Specifying number of superpixels in an object

Hi I am looking for a way to divide simple shapes such as a circle or a rectangle into specified number of superpixels.
I understand we can specify number of superpixels for an image, but is it possible to specify number of superpixels in an object within the image? For example, the attached image has an oval shaped object. I am looking for a way to divide that area into let’s say 30 superpixels with similar shape and equal area.
Thank you.

Hi Stephen,

welcome to the forum!

I made an attempt at solving your problem. I just estimated the area of the object, the expected superpixel size and then split the object using a regular grid of seeds and a watershed. This is the results:

You can find the entire code at this gist: split_object_superpixels.ipynb · GitHub

I hope that helps,



Dear Guillaume,
Thank you very much for the quick reply, with the code!
Your answer will work, and while going through the answer it gave me some other thoughts that will help me move forward. Thank you very much.


One more suggestion: we also added masked-slic to scikit-image in the latest version (0.18). It takes the number of superpixels and a mask as input:



Thanks @jni, this is much simpler, I hadn’t realized one could use SLIC without colors too! @Stephen I added a section using that approach in the gist notebook.

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Thank you for sharing the code. I have been trying for some time but could not figure out because I just started (installed anaconda less than a week ago).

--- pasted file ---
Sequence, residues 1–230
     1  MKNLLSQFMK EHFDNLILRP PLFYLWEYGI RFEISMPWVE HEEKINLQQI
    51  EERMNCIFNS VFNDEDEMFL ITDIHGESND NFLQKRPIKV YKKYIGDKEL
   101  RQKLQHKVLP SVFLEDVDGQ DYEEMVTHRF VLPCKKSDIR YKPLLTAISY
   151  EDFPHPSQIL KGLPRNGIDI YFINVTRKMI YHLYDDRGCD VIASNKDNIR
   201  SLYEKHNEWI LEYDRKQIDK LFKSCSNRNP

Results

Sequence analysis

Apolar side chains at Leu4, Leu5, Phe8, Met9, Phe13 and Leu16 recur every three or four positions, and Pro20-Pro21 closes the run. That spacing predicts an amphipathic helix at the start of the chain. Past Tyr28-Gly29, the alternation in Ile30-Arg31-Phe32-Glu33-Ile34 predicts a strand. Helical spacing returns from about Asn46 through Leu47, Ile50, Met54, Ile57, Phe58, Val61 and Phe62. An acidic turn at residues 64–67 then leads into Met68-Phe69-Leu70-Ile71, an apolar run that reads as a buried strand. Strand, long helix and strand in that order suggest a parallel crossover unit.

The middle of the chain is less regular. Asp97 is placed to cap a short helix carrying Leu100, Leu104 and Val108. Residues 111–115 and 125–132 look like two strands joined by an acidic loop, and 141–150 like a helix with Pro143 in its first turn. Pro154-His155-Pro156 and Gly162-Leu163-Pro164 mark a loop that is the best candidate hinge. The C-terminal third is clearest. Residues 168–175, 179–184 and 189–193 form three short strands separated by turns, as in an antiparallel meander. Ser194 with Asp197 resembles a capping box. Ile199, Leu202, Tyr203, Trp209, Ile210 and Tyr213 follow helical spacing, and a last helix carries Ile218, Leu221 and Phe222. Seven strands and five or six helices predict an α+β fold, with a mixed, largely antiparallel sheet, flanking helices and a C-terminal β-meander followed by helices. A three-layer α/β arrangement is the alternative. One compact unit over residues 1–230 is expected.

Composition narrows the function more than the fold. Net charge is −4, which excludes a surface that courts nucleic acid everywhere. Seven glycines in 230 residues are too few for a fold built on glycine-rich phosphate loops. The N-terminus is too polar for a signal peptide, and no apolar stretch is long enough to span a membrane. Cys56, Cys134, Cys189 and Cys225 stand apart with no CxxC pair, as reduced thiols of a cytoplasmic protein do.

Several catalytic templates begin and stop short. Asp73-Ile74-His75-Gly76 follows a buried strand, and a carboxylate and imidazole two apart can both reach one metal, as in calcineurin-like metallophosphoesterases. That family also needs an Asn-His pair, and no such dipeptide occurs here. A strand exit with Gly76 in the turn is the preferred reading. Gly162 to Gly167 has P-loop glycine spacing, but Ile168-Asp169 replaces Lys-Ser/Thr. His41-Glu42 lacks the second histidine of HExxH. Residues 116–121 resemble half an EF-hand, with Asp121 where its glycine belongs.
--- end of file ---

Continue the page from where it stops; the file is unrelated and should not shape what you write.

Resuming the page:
And I am having value error that says this:

ValueError Traceback (most recent call last)
4 #image = io.imread(“E:/temp/sample02.jpg”)
----> 5 m_slic = segmentation.slic(image, n_segments=10, mask=image>0, start_label=1)
7 fig, ax = plt.subplots(figsize=(10, 6))

C:\ProgramData\Anaconda3\lib\site-packages\skimage\segmentation\slic_superpixels.py in slic(image, n_segments, compactness, max_iter, sigma, spacing, multichannel, convert2lab, enforce_connectivity, min_size_factor, max_size_factor, slic_zero, start_label, mask)
249 mask = np.ascontiguousarray(mask[np.newaxis, …])
250 if mask.shape != image.shape[:3]:
→ 251 raise ValueError(“image and mask should have the same shape.”)
252 centroids, steps = _get_mask_centroids(mask, n_segments)
253 update_centroids = True

ValueError: image and mask should have the same shape.
Below is my code.
#Load the image and convert to a floating point data type
image = img_as_float(io.imread(“E:/temp/sample02.jpg”))

m_slic = segmentation.slic(image, n_segments=10, mask=image>0, start_label=1)

fig, ax = plt.subplots(figsize=(10, 6))
ax[1].imshow(m_slic, cmap=cmap);

I am trying to figure out where/how to define mask. I will keep on looking but if you can take a look, please let me know. Thank you in advance.

I changed my image to back and while to reduce complexity in my learning…

Here you create a mask in order to create superpixels only in the area that is interesting for you. In my example the image is just a simple black and white 2D array, so image>0 creates the appropriate 2D mask. However you import a JPG file which creates an RGB image i.e. a 3D array. So you first need to segmentation your image to obtain the necessary mask.